China bulls still strong

After tumbling 5.6% over the past two sessions, chatter that the Chinese bull market is facing a rout after months of unrelenting rally is intensifying.

Source: Bloomberg

To be fair, the Shanghai Composite (SHCOMP) retreated from the 4500 level, shaving around 250 points. But when I look at the claims that equity valuations are excessive and could face a repeat of the 2007 crash, I am sceptical. To put things in perspective, the current price-to-earnings ratio (P/E) is at 20.96 (as of 6 May 2015) off the 22.0 seen in April 2015. In comparison, the P/E was 39.36 in 2007 and 48.78 in 2001 during the global dot-com bubble. This is not to say that a massive pullback may not happen but that the odds of it may not be as high as perceived.

Apart from further easing measures expected in the coming months, Chinese equities may also be supported by institutional demand. This will be welcomed as retail investors account for 80% of trading in China for the last five years, hitting 90% this year.  According to data released by the China Trustee Association, trust companies in the country increased their equity holdings by a record CNY 225 billion (USD 36 billion) in Q1. In addition, so many global money managers are underweight China. There is also an increasing prospect that China A-shares may be added to the MSCI emerging market benchmark indexes this June, which is tracked by USD 1.7 trillion of funds. All of this points to more potential demand for Chinese equities in the pipeline. The upshot is that the pullback in the last two days is no doubt a market correction, as investors cash in on their positions but it is unlikely to be a massive crash.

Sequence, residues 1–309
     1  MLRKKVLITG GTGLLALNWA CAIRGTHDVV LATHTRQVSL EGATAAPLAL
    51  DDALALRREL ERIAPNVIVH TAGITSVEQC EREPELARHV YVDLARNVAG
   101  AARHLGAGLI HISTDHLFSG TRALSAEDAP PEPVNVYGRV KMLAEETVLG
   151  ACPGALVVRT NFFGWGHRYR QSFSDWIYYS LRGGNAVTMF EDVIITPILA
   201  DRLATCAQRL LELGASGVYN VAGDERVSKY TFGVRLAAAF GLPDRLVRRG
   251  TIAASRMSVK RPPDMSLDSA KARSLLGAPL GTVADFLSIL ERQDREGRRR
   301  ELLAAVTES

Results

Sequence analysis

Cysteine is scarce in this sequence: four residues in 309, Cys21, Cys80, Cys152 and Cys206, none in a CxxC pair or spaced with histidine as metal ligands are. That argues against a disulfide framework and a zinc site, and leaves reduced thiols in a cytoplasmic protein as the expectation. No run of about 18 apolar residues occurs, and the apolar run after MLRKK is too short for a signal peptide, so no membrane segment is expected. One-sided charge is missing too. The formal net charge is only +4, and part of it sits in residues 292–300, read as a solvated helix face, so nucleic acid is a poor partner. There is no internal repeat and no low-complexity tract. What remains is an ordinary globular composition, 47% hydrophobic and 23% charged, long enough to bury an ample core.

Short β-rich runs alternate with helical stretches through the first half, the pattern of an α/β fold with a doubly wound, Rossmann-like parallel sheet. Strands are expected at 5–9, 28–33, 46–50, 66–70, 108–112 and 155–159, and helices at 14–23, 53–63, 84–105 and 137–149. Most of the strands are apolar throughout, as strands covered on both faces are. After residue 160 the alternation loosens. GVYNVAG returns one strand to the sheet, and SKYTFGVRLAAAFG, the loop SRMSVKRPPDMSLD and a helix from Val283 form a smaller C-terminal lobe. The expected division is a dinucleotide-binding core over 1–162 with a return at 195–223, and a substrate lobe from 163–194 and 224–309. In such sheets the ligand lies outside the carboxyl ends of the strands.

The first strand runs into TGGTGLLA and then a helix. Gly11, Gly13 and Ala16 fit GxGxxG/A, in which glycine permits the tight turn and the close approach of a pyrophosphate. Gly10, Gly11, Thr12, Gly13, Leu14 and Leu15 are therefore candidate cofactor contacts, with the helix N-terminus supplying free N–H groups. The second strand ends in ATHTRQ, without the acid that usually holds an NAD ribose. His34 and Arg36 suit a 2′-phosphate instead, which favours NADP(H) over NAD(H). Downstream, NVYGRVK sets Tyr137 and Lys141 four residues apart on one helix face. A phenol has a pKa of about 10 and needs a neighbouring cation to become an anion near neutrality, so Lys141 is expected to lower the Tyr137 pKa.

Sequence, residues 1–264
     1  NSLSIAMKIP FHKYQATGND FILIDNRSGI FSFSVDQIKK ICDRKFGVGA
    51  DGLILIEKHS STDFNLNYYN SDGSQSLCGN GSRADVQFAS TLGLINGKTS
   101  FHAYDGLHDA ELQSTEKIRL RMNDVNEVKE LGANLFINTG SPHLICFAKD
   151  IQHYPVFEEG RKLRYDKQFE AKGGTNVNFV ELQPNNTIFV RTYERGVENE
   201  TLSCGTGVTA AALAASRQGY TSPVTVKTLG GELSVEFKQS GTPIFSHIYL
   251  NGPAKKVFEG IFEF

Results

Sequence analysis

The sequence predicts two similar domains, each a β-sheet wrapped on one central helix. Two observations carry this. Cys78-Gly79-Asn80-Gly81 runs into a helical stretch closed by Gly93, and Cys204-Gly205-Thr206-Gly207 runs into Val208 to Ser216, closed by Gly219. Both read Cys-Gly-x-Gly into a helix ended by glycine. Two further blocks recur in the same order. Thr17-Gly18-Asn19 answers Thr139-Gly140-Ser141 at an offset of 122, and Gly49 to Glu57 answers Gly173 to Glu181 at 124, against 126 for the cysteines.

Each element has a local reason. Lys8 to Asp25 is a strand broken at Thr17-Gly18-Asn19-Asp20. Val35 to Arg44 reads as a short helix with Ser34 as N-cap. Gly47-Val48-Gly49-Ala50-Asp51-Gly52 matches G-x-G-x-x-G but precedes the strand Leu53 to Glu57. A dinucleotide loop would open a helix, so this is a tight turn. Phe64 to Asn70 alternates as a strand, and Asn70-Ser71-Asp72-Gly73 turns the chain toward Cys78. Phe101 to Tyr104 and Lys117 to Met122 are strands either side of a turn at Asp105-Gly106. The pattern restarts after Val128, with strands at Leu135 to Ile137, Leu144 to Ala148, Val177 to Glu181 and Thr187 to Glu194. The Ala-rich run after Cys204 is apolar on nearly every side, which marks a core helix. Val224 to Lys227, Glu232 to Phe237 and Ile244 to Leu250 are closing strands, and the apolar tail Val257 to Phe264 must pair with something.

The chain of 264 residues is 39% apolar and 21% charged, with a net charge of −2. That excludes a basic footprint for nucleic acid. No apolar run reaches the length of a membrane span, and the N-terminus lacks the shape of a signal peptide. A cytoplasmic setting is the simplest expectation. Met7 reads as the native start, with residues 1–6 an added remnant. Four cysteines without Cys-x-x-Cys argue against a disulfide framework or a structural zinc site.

Ahead of the Asia open

Underlying caution still lingers after US ADP data shows a lower-than-expected figure, leading to expectations that Friday’s all-important non-farm payrolls will be weak. Naturally, the market interprets this as further proof that the Fed will push back its rate hike plans and promptly sell the greenback. The dollar index tumbled to around 94.00 while the euro was lifted above 1.13 to two-month highs. Rising uncertainty was also reflected in the equity markets where most European bourses flat-lined while US indices ended lower.

Weak sentiments should prevail on Thursday although liquidity should improve with Japan returning from its golden week holidays. We are calling Asian equities lower with CSI300 4527 -26, Hang Seng 27569 -71, Nifty 8081 -16, MSCI Singapore 387.22 -2. On the calendar, we have Malaysian central bank (BNM) where consensus looks for a rate hold at 3.25%. We will also receive the HSBC services PMI in Japan followed by trade data from Malaysia and Taiwan.




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